File:Teofrasto Orto botanico detail.jpg

Time is the most valuable thing a man can spend. ”

Theophrastus (372 BC – 287 BC)
Greek philosopher

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Theophrastus (GreekΘεόφραστος; c. 371 – c. 287 BC[1]), a Greek native of Eresos in Lesbos, was the successor toAristotle in the Peripatetic school. He came to Athens at a young age, and initially studied in Plato’s school. After Plato’s death he attached himself to Aristotle. Aristotle bequeathed to Theophrastus his writings, and designated him as his successor at the Lyceum. Theophrastus presided over the Peripatetic school for thirty-six years, during which time the school flourished greatly. After his death, the Athenians honoured him with a public funeral. His successor as head of the school was Strato of Lampsacus.

The interests of Theophrastus were wide-ranging, extending from biology and physics to ethics and metaphysics. His two surviving botanical works, Enquiry into Plants[2] and On the Causes of Plants, were an important influence on medievalscience. There are also surviving works On Moral CharactersOn SensationOn Stones, and fragments on Physics andMetaphysics all written in Greek. In philosophy, he studied grammar and language, and continued Aristotle’s work on logic. He also regarded space as the mere arrangement and position of bodies, time as an accident of motion, and motion as a necessary consequence of all activity. In ethics, he regarded happiness as depending on external influences as well as onvirtue, and famously said that “life is ruled by fortune, not wisdom.”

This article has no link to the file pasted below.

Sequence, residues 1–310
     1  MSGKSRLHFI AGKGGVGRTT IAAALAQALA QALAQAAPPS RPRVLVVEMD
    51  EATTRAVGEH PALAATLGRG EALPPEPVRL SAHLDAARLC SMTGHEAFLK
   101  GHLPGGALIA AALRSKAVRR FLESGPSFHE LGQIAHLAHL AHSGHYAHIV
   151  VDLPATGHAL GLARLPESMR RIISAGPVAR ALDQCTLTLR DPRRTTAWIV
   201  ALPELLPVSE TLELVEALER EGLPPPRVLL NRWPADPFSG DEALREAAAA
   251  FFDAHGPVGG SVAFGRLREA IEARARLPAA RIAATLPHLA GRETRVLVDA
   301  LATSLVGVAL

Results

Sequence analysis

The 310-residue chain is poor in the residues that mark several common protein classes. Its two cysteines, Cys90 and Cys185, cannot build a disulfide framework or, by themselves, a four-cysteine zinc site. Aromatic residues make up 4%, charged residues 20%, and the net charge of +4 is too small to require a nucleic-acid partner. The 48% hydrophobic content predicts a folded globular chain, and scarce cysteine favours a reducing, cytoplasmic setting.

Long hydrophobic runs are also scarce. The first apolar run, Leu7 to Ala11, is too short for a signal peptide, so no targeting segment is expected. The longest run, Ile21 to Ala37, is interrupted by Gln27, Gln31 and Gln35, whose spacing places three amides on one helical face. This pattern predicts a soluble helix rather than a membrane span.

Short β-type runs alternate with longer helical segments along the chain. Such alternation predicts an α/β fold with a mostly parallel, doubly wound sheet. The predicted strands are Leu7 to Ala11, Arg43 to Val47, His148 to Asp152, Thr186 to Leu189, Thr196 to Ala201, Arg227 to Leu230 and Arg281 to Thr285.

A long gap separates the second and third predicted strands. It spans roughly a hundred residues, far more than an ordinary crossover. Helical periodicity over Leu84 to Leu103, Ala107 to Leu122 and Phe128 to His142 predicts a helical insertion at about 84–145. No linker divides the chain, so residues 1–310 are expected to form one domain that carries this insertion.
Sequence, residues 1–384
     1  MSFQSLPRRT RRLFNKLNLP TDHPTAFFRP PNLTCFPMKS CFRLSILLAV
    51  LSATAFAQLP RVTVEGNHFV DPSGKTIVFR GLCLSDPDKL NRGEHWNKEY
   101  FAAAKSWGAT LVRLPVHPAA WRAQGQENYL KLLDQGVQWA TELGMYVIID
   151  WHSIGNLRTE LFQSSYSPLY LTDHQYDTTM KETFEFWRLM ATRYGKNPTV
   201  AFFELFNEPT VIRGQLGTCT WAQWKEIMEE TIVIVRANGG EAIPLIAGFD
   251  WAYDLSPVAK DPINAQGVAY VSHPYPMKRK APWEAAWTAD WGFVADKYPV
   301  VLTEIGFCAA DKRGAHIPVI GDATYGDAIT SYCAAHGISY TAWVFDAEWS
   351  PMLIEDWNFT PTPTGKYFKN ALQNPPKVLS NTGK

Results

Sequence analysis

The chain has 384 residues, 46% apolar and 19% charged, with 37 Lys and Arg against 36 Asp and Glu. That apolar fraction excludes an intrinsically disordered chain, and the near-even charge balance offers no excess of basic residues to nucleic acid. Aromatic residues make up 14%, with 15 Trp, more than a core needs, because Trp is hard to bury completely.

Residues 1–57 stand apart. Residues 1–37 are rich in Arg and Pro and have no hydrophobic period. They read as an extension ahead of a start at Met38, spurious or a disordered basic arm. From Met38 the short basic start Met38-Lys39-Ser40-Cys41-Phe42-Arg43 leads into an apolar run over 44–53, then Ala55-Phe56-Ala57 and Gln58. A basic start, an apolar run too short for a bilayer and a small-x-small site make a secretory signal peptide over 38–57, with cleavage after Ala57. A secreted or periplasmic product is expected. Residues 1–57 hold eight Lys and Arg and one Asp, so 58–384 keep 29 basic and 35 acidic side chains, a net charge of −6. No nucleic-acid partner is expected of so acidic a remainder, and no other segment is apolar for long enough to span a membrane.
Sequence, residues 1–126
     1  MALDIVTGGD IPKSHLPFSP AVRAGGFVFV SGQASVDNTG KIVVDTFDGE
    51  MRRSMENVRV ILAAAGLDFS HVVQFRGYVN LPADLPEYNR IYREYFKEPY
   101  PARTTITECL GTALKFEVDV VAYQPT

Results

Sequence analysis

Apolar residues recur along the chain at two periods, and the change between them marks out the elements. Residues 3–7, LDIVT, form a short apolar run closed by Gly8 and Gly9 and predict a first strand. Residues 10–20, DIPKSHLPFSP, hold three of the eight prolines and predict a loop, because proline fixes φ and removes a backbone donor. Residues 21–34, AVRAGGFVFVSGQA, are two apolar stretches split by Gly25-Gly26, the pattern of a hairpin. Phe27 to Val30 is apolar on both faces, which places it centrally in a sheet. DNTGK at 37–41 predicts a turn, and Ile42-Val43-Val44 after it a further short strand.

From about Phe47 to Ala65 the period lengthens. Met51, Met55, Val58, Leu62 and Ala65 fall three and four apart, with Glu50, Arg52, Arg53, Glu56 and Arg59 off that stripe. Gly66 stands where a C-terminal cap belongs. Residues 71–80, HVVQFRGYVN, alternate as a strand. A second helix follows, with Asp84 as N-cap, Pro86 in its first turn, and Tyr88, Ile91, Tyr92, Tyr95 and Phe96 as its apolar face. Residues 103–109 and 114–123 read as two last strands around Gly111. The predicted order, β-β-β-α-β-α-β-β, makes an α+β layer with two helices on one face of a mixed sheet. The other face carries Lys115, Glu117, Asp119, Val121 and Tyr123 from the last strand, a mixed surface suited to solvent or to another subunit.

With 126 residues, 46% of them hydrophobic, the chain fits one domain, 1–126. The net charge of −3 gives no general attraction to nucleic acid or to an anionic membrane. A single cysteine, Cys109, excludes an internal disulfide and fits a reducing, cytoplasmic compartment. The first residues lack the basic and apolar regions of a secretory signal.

Source: Wikipedia January 11, 2012

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